As founder and president of The Power of Place, a non-profit arts and humanities group based in Los Angeles from 1984 to 1991, Hayden laid out a downtown itinerary to celebrate the historic landscape of the center of the city and its social diversity. Under her direction, collaborative projects on an African American midwife's homestead, a Latina garment workers' union headquarters and Japanese-American flower fields engaged citizens, historians, artists, and designers in examining and commemorating the working lives of ordinary citizens. The Power of Place: Urban Landscapes as Public History (The MIT Press, 1995), documents this work.
Currently Hayden is writing a new history of suburbs, Building American Suburbia: Green Fields and Growth Machines, 1820-2000.
Ananya Roy is Assistant Professor in the Department of City and Regional Planning at the University of California, Berkeley, where she teaches urban studies and development planning. She holds a B.A. in Comparative Urban Studies from Mills College and an M.C.P. and Ph.D. from Berkeley. Roy's forthcoming book A Requiem for the City: Gender and the Politics of Poverty (University of Minnesota Press) shows how the city is produced through the hegemonies of class and gender through the example of Calcutta. Roy will co-edit and contribute two pieces to Urban Informality in an Era of Liberalization: A Transnational Presence.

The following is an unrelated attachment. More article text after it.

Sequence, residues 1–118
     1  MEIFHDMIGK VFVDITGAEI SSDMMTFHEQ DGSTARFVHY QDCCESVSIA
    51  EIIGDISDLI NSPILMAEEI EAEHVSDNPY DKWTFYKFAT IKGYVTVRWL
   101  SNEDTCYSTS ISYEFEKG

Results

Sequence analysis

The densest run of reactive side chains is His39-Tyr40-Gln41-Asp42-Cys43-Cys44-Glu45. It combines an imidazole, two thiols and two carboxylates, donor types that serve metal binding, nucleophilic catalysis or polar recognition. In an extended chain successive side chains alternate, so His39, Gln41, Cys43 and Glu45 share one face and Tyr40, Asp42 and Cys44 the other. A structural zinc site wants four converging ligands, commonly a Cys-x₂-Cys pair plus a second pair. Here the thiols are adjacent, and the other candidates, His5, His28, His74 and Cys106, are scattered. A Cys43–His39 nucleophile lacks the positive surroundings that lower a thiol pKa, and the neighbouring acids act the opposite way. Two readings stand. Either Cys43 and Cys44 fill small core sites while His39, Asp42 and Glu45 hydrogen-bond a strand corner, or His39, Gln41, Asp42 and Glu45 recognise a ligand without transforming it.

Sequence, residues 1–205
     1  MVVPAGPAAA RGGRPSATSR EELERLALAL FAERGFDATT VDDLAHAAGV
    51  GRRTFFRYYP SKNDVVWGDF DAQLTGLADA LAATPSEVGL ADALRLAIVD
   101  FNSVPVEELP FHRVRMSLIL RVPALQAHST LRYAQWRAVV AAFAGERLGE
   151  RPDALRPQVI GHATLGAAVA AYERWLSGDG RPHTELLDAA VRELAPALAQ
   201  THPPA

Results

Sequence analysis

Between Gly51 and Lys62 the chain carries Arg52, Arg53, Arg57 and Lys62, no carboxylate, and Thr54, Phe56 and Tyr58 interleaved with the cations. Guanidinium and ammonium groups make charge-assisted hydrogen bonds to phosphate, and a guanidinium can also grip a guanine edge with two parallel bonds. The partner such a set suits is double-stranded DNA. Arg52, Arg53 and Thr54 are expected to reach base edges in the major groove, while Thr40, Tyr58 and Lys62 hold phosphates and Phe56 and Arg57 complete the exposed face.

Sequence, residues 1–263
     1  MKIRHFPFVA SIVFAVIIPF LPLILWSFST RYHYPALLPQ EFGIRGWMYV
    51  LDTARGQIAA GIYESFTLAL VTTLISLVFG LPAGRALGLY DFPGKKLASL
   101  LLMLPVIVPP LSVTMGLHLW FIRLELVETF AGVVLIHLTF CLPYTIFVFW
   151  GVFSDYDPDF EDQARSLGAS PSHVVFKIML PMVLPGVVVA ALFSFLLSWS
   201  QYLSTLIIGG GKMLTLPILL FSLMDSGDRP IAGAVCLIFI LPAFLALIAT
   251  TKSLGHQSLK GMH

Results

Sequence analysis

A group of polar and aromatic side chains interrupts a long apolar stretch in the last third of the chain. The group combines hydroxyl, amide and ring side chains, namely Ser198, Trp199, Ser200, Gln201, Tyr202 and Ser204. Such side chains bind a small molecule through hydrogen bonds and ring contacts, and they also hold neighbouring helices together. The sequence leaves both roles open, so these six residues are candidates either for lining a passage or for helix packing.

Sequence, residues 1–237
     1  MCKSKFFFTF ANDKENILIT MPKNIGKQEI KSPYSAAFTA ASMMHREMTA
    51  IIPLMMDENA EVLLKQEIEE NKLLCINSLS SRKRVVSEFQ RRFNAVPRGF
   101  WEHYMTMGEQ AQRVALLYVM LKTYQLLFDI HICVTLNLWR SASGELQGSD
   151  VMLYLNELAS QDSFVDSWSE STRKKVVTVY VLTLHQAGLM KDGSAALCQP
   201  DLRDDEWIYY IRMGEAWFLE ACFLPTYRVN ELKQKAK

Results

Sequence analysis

Roy's teaching commitments are located in both the undergraduate and graduate levels of the UC Berkeley City and Regional Planning curriculum. Her current undergraduate courses include Urbanization in Developing Countries and Housing: An International Survey. Her current graduate courses include Urban and Regional Development: Ideas and Practices and Qualitative Research Methods for Planners. Along with colleagues in the department and college, she is in the process of articulating an Urban Studies undergraduate major and developing a new college-wide course, The City as a curricular cornerstone of the new program.
Born in 1957 in Tehran, Nasrine Seraji studied at the Architectural Association in London before founding her own studio, Atelier Seraji, in Paris. Seraji won the competition for the Temporary American Center in Paris. Her design, a melange of concrete and patterned brick in contrasting tones incorporated 21 trees already on the site. Architect of the Pavilion of the Caverne du Dragon in the north of France, she is presently building housing complexes in Paris and in Austria while continuing to participate in a number of competitions.
Seraji has taught design in several architecture schools, including the AA in London and at Princeton University. She has also held visiting professorships at Columbia and Tulane Universities. Formerly director of the one of the two Meisterschule at the Akademie der Bildenden Kunste in Vienna, she is currently the Chair of the Department of Architecture at Cornell University in Ithaca, New York.
Seraji has exhibited widely, including at the Galerie d'Architecture in Paris, the Royal Institute of British Architects in London and the Venice Biennale. Her work and writings have been featured in publications around the world, and she has lectured extensively in the United States and Europe.